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|Part of World War II|
Wrecked hardware – bicycles, sewing machines etc. – left in the ruins of Oradour-sur-Glane
|Location||Oradour-sur-Glane, Haute-Vienne, France|
|Date||10 June 1944|
|Perpetrators||Nazi Germany, 2nd SS Panzer Division Das Reich|
On 10 June 1944, the village of Oradour-sur-Glane in Haute-Vienne in Nazi-occupied France was destroyed, when 642 of its inhabitants, including women and children, were massacred by a German Waffen-SS company.
In February 1944, the 2nd SS Panzer Division "Das Reich" was stationed in the Southern French town of Valence-d'Agen, north of Toulouse, waiting to be resupplied with new equipment and fresh troops. Following the D-Day invasion of Normandy in June 1944, the division was ordered north to help stop the Allied advance. One of its units was the 4th SS Panzer Grenadier Regiment ("Der Führer"). Its staff included regimental commander SS-Standartenführer Sylvester Stadler, SS-Sturmbannführer Adolf Diekmann commanding the 1st Battalion and SS-Sturmbannführer Otto Weidinger, Stadler's designated successor who was with the regiment for familiarisation. Command passed to Weidinger on 14 June.
Early on the morning of 10 June 1944, Diekmann informed Weidinger that he had been approached by two members of the Milice, a collaborator paramilitary force of the Vichy Regime. They claimed that a Waffen-SS officer was being held prisoner by the Resistance in Oradour-sur-Vayres, a nearby village. The captured officer was claimed to be SS-Sturmbannführer Helmut Kämpfe, commander of the 2nd SS Panzer Reconnaissance Battalion (also part of "Das Reich" division). He may have been captured by the Maquis du Limousin the day before.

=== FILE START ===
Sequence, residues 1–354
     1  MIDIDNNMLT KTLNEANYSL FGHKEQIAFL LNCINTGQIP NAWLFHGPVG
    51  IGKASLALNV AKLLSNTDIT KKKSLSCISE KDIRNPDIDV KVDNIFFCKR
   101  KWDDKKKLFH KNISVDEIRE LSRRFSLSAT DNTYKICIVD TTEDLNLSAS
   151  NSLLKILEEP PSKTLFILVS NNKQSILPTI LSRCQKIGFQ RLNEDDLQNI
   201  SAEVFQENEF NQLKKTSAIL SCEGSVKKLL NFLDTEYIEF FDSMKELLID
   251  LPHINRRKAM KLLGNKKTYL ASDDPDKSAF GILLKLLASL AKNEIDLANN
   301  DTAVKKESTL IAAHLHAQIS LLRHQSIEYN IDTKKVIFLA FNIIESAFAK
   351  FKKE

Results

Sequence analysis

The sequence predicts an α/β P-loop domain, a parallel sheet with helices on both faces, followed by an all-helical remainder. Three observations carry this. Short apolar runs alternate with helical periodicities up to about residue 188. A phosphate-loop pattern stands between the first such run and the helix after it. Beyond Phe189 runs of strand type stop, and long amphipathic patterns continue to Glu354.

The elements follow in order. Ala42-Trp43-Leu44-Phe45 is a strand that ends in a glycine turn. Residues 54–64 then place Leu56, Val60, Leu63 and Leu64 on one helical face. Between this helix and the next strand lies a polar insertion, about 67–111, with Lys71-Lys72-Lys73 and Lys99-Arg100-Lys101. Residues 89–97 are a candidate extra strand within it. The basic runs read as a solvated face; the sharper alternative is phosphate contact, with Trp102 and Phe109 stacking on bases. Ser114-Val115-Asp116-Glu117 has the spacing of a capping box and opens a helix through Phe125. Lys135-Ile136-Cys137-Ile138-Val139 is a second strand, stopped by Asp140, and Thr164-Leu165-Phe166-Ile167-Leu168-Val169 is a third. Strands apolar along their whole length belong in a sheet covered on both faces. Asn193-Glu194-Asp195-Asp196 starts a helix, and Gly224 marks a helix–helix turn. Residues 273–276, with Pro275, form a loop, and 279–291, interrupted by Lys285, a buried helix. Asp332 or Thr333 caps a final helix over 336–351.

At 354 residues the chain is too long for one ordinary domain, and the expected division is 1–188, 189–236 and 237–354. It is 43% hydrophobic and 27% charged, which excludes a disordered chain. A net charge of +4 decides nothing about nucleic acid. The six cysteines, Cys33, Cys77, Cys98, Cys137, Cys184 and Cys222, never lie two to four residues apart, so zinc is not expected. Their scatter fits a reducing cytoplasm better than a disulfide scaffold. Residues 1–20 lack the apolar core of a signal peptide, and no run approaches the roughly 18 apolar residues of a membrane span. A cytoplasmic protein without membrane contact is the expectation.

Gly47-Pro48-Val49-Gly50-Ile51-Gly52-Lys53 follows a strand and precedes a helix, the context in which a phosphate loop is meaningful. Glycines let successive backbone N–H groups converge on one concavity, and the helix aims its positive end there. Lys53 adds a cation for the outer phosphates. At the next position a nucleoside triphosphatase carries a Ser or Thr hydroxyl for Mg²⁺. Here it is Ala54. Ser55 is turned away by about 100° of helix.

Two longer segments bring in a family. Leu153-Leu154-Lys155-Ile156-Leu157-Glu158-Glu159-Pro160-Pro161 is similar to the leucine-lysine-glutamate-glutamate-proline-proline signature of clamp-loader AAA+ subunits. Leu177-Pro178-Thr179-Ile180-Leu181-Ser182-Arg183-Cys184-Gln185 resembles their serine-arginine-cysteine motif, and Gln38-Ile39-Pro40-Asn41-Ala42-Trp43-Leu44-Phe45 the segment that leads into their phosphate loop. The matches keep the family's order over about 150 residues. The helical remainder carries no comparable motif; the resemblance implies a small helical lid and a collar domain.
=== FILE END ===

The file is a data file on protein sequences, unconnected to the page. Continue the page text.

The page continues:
On 10 June, Diekmann's battalion sealed off Oradour-sur-Glane and ordered everyone within to assemble in the village square to have their identity papers examined. This included six non-residents who happened to be bicycling through the town when the SS unit arrived. The women and children were locked in the church, and the village was looted. The men were led to six barns and sheds, where machine guns were already in place.
According to a survivor's account, the SS men then began shooting, aiming for their legs. When victims were unable to move, the SS men covered them with fuel and set the barns on fire. Only six men managed to escape. One of them was later seen walking down a road and was shot dead. In all, 190 Frenchmen died.